National Post announced the housing boom in Toronto is finally over, because average prices have fallen for the first time in 12 years. Here are the figures from TREB (The Toronto Real Estate Board):
- Average prices fell to $393,647 year-over-year in September 2008
- Sales were down 6% from a year ago, and down 11% in Toronto
- Housing "supply" increased 19% year-over-year to 16,236
- Days on the Market increased to 36 days, from 31 (year-over-year)
- 905 sales declined 3% (to 3,878) but average price increased to $352,071 from $351,641
- 2007 was a strong year, so the figures illustrating the decline are exaggerated
- A month-over-month comparison is required to get a truer picture of the health of Toronto real estate
- Using averages is too broad: median home sale prices and an analysis
- For Central "C" area month-over-month average prices increased 6.2% from August to September, and median prices increased 12.2%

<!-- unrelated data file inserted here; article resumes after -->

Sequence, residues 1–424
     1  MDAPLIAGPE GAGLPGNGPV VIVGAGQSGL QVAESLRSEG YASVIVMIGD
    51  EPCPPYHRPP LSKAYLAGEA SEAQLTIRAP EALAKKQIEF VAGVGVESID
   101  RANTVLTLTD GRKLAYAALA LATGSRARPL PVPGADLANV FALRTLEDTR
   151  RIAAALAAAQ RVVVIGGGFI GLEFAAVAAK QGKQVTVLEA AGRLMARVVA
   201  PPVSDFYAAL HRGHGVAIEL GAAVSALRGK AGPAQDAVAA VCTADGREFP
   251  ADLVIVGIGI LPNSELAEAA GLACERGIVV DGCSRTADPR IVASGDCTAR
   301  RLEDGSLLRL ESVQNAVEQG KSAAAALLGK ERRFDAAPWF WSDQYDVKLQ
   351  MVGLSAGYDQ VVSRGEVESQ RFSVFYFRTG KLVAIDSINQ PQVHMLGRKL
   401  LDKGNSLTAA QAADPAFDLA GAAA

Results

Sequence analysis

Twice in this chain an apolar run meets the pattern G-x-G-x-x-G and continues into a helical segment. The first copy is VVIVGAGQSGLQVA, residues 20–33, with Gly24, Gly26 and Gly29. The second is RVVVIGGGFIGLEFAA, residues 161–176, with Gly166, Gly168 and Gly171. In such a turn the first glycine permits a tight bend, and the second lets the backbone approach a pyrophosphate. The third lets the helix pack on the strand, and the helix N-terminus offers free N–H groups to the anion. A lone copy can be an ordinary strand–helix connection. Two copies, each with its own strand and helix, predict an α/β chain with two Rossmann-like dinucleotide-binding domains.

- For Central "C" area year-over-year (Sep 08 vs Sep 07) average prices declined 7.5%, and median prices declined 2.4%
Risks are increasing that the Toronto housing market will falter further, the longer the U.S. economy struggles. Ontario (and global countries, already facing substantial housing bursts) is not special and therefore not immune to the weak US economy. In short, the U.S. is an important trading partner for this province.
Lower home prices is simply good news for the buyer who is not willing to devote a large pay cheque to paying down monthly mortgage payments.
Raw Material and Commodity Prices Falling. Buy These Stocks
There is a stealth bull market brewing. FSX Players take note. Companies that benefit from lower grain prices, like General Mills, is performing well. In Canada, George Weston rallied back. It's quietly clear that the market is betting the bailout will result in dis-inflation and slower growth. Again, watch the US Dollar, gold and oil prices, and stocks like Potash.